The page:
2. Dracunculiasis (aka Guinea-worm disease): A roundworm infection transmitted exclusively by drinking-water contaminated with parasite-infected water fleas. The infection leads to meter-long female worms emerging from painful blisters on feet and legs to deposit her young. This leads to fever, nausea and vomiting as well as debilitating secondary bacterial infections in the blisters.
  3. Lymphatic filariasis: A blood & lymph worm infection transmitted by mosquitoes causing abnormal enlargement of limbs and genitals (elephantiasis) from adult worms inhabiting and reproducing in the lymphatic system.
  4. Blinding trachoma: A chlamydial infection transmitted through direct contact with infectious eye or nasal discharge, or through indirect contact (e.g. via flies) with unsafe living conditions and hygiene practices, which if left untreated causes irreversible corneal opacities and blindness. Trachoma is the leading cause of blindness in the word.
  5. Schistosomiasis (aka bilharzia): A blood fluke infection transmitted when larval forms released by freshwater snails penetrate human skin during contact with infested water. The infection leads to anaemia, chronic fatigue and painful urination/defaecation during childhood, later developing into severe organ problems such as liver and spleen damages, bladder cancer, genital lesions and infertility.
  6. Visceral leishmaniasis (aka Kala azar): A protozoan blood parasite transmitted through the bites of infected female sandflies which attacks internal organs which can be fatal within 2 years. 
  7. Soil-transmitted helminths: A group on intestinal worm infections transmitted through soil contaminated by human faeces causing anaemia, vitamin A deficiency, stunted growth, malnutrition, intestinal obstruction and impaired development.
  8. Leprosy: A complex disease caused by infection mainly of the skin, peripheral nerves, mucosa of the upper respiratory tract and eyes.
  9. Chagas disease: A life-threatening illness caused by a blood protozoan parasite, transmitted to humans through contact with vector insects (triatomine bugs), ingestion of contaminated food, infected blood transfusions, congenital transmission, organ transplantation or laboratory accidents.
  10. Human African trypanosomiasis (aka sleeping sickness): A protozoan blood parasitic infection spread by the bites of tsetse flies that is almost 100% fatal without prompt diagnosis and treatment to prevent the parasites invading the central nervous system.

 

They were selected because the tools to achieve control are already available to us and, for some, elimination should be achievable.

 

Take the Guinea Worm:

 

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Guinea worm infection - from over 3.5 million people infected in the 80s to less than 130 cases in 2014. Set to be second human disease to be eradicated after smallpox (photo credits David Hamm&Peter Mayer)

 

In the 1980s over 3.5 million people were infected with Dracunculiasis (i.e. Guinea worm disease), with 21 countries being endemic for the disease. Now, thanks to the global health community efforts and extraordinary support from the Carter Center, only 126 cases were reported in 2014 and only 4 endemic countries remain: Chad, Ethiopia, Mali and South Sudan! If the WHO goal of global eradication of Guinea Worm by 2020 is met then Dracunculiasis is set to become the second human disease in history to be eradicated (the first, and only one, being smallpox). Not bad for an NTD! But there are still challenges!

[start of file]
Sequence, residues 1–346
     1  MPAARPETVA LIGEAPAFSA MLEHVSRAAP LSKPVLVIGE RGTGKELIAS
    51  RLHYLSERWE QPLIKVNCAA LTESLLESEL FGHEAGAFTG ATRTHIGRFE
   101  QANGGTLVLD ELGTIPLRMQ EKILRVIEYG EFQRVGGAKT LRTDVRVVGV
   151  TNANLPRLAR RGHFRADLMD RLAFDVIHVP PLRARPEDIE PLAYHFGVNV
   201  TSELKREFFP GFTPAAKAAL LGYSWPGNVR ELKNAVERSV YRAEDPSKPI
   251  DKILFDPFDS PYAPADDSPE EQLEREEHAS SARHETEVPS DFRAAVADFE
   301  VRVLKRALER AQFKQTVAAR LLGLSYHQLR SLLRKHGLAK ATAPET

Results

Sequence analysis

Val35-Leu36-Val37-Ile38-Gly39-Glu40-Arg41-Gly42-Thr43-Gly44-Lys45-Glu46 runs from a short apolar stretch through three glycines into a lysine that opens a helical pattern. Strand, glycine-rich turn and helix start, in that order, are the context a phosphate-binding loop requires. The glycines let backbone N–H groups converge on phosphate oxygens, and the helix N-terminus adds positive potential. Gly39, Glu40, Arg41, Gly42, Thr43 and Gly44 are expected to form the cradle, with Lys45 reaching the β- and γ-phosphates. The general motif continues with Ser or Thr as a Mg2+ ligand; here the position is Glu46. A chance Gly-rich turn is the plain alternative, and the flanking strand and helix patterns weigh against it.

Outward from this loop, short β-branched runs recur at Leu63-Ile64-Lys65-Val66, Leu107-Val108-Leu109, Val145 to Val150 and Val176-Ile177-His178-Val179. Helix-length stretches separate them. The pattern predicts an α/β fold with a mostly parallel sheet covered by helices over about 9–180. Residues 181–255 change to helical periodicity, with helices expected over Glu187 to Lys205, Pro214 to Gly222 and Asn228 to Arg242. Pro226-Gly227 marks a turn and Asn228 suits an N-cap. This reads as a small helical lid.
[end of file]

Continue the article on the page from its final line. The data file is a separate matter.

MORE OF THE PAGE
At the Museum we have a long history of working on health related topics. Indeed our founding father Sir Hans Sloane was a physician who collected and identified plants from all over the world for the purpose of finding health benefits - in fact he developed chocolate milk as a health product.

 

Today we have a vast and biologically diverse collection of parasites and the insects/crustaceans/snails/arachnids that carry and transmit them. These are used by researchers both in the museum (such as myself and colleagues) but also internationally through collaborative work.

 

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Collaboration is key - Zanzibar Elimination of Schistosomiasis Transmission (ZEST) programme key players: the Zanzibar Ministry of Health, Public Health Laboratories Pemba, the World Health Organization, SCI, SCORE, Swiss TPH, NHM and others

 

We are immensely proud of our collections and the work we do in this field especially of the biological information we can contribute to health programmes in endemic countries. One of our most exciting contributions is to the Zanzibar Elimination of Schistosomiasis Transmission (ZEST) programme where we are working in collaboration with the Zanzibar Ministry of Health, various NGOs, the World Health Organization and the local communities to identify and implement the best tools and methods to achieve schistosomiasis elimination in Zanzibar. This would be the first time a sub-Saharan African country would achieve schistosomiasis elimination. Fingers-crossed we are up to the challenge! You can read more about this project in an earlier post on our Super-flies and parasites blog

 

On Thursday we are bringing out our Parasites and Vectors specimens to showcase them to the public galleries and answer any questions relating to these fascinating yet dangerous organisms. Our wonderful scientists and curators will be on hand to talk to people about our collections and research as will collaborating scientists from the London Centre of Neglected Tropical Disease Research who will talk to you about the diseases and the challenges faced to achieve the WHO 2020 goals. Please do pop by and say hello, come and look at our specimens and help us raise awareness of these devastating diseases and the fight to control and eliminate them.

 

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We are working together with schools, communities, government and research institutes to fight Neglected Tropical Diseases. Schistosomiasis fieldwork photo with the team from the National Institute for Medical Research in Tanzania

Jun 17, 2015 What have the Orchid Observers been up to? | Orchid Observers